Technically, we were able to “see” flickering on the UX180 camera across various shutter speeds, and only when Ultimate Engine was enabled. That’s a camera, though – it’s not a human eye. There are other variables at play and, ultimately, it’s an irrelevant complaint if the human eye can’t detect flickering. A camera “detecting” flickering with Ultimate Engine is likely some misalignment of the shutter and the display. Using a phone camera, we could not “see” the flickering with Ultimate Engine + Vega 56. And again, three sets of human eyes could not detect a flickering issue on our V56. This does make it difficult to show the V56 working in footage, though, since the camera sees a sort of flicker when recording the display. For this reason, we used RGB + gamma scopes in the video, which should help visualize the two different types of flicker. The camera’s observed “flicker” on the CF791 is more of a wave, and different from the full-screen flicker that legitimately occurs on the Polaris card.

Vega 56 clears. We’d assume that Vega 64 also clears, but haven’t tested it. If you’ve got V64 and this monitor, please consider running through the test and posting a comment below. Let us know if you see flickering – we’d bet not, but there’s always room for a different result. FreeSync flicker doesn't look to be present in Vega 56 with the CF791.

Vega: Frontier Edition is a bit of a unique card in the Vega stack. It launched earlier, has known features disabled vs. RX, and has an older driver branch that uses some Fiji or Polaris code. Testing VFE, we were able to reproduce some of the flickering issue. It wasn’t as obscene as Polaris, but wasn’t resolved as on V56. The flickering on VFE was frequent enough to be annoying, and would warrant disabling Ultimate Engine or FreeSync. Flickering is oddly less frequent with VFE, tested across all the same FPS ranges and with the same software, but is still frequent, observable, and obnoxious.

This leads us to two possible conclusions, and we’re not sure which is most likely: A chip-level defect on Polaris may be the case, or a driver-level change that has affected V56/64, but not VFE/older cards.

The chip-level change seems less likely, seeing as Vega: Frontier Edition also exhibits flickering of some kind. That said, VFE shipped as a product with features disabled and incomplete drivers, so that card sits in both camps of problems. We think this may be a driver-level update that helped Vega. If that’s the case, we’d like to see AMD update Polaris soon, too, seeing as Polaris/Fiji owners are presently left with a flickering mess of a FreeSync implementation. Vega appears fine and, ultimately, that’s what matters most when criticizing the bundle packs. If Vega is the card bundled with the CF791, and it is, then Vega needs to be clear of the issue – and it is.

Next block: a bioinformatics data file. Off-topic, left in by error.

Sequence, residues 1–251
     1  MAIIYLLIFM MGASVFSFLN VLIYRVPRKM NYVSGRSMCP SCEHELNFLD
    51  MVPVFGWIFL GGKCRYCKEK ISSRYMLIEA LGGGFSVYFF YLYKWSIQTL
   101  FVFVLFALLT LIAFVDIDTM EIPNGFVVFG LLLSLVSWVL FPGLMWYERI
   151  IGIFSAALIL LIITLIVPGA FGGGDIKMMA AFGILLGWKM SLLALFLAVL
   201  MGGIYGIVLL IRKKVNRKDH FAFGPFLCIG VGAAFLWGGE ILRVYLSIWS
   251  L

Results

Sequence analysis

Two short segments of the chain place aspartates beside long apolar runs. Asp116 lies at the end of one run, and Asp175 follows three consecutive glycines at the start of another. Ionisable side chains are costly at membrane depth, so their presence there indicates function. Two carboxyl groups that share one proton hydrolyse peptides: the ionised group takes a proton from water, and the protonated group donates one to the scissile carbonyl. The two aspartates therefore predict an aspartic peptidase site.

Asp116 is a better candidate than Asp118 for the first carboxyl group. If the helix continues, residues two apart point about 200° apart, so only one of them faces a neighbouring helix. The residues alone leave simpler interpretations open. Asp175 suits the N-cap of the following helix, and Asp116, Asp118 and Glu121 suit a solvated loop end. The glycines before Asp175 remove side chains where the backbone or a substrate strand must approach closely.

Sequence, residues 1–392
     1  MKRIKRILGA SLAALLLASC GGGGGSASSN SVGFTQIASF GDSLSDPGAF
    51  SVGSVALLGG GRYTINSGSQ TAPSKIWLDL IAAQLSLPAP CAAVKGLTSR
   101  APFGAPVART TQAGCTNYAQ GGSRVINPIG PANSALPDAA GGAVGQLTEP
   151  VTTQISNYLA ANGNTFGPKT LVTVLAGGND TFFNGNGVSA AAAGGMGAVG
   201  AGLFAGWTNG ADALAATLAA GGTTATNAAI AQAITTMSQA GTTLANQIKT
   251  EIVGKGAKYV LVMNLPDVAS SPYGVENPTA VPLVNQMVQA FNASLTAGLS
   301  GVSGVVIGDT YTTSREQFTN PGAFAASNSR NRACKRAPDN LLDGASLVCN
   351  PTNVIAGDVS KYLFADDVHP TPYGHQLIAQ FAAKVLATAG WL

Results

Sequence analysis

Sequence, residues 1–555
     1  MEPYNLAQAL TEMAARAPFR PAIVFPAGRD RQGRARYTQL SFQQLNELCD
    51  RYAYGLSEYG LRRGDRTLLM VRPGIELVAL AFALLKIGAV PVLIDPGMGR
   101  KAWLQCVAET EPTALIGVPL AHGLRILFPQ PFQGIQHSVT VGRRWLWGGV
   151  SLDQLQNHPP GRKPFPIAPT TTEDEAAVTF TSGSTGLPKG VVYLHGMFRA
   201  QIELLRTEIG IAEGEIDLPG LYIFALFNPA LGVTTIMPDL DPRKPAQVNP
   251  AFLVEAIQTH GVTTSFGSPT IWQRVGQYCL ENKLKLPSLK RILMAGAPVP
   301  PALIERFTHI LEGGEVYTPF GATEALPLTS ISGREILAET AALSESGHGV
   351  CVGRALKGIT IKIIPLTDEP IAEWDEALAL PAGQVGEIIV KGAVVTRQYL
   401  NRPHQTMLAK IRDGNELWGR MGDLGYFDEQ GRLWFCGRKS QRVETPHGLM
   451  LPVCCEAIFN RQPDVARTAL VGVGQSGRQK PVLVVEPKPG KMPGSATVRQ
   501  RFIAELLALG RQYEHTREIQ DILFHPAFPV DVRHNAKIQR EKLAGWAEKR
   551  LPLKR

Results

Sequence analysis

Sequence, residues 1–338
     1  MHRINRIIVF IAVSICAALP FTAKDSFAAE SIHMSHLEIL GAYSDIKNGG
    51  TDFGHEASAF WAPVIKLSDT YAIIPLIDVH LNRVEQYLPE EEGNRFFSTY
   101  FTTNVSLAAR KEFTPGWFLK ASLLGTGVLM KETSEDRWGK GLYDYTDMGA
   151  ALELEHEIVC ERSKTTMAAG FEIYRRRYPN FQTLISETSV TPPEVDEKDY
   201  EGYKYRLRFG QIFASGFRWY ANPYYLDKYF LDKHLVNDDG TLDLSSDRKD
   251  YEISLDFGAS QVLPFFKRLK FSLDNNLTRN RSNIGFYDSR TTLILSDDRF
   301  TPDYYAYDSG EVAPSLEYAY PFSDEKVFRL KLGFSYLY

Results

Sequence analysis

That said, it’d be nice if Polaris got some of what Vega did, we’re just not presently sure if it’s possible through drivers or would require a hardware-level change.

We’re not here to review this monitor, and today’s content piece is not a review. It’s just a feature test of FreeSync. Knowing now that the flickering appears to be gone on Vega, we’d recommend looking up full reviews for additional details. Keep in mind that we’re working off a single sample; if you’ve got the monitor, do us a favor and let us know if flickering is present using the various FreeSync implementations.

Editorial: Steve Burke
Video: Andrew Coleman

Last modified on August 21, 2017 at 1:17 pm
Steve Burke

Steve started GamersNexus back when it was just a cool name, and now it's grown into an expansive website with an overwhelming amount of features. He recalls his first difficult decision with GN's direction: "I didn't know whether or not I wanted 'Gamers' to have a possessive apostrophe -- I mean, grammatically it should, but I didn't like it in the name. It was ugly. I also had people who were typing apostrophes into the address bar - sigh. It made sense to just leave it as 'Gamers.'"

First world problems, Steve. First world problems.